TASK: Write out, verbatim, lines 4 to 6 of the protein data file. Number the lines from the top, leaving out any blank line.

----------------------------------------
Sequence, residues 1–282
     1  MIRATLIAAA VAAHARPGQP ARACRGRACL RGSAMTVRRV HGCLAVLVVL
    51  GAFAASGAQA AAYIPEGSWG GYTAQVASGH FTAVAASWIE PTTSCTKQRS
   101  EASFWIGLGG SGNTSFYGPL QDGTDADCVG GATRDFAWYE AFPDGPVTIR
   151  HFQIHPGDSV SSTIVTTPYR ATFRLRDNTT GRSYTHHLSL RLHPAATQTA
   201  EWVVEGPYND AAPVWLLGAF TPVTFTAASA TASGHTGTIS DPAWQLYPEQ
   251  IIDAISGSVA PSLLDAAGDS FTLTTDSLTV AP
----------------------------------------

   101  EASFWIGLGG SGNTSFYGPL QDGTDADCVG GATRDFAWYE AFPDGPVTIR
   151  HFQIHPGDSV SSTIVTTPYR ATFRLRDNTT GRSYTHHLSL RLHPAATQTA
   201  EWVVEGPYND AAPVWLLGAF TPVTFTAASA TASGHTGTIS DPAWQLYPEQ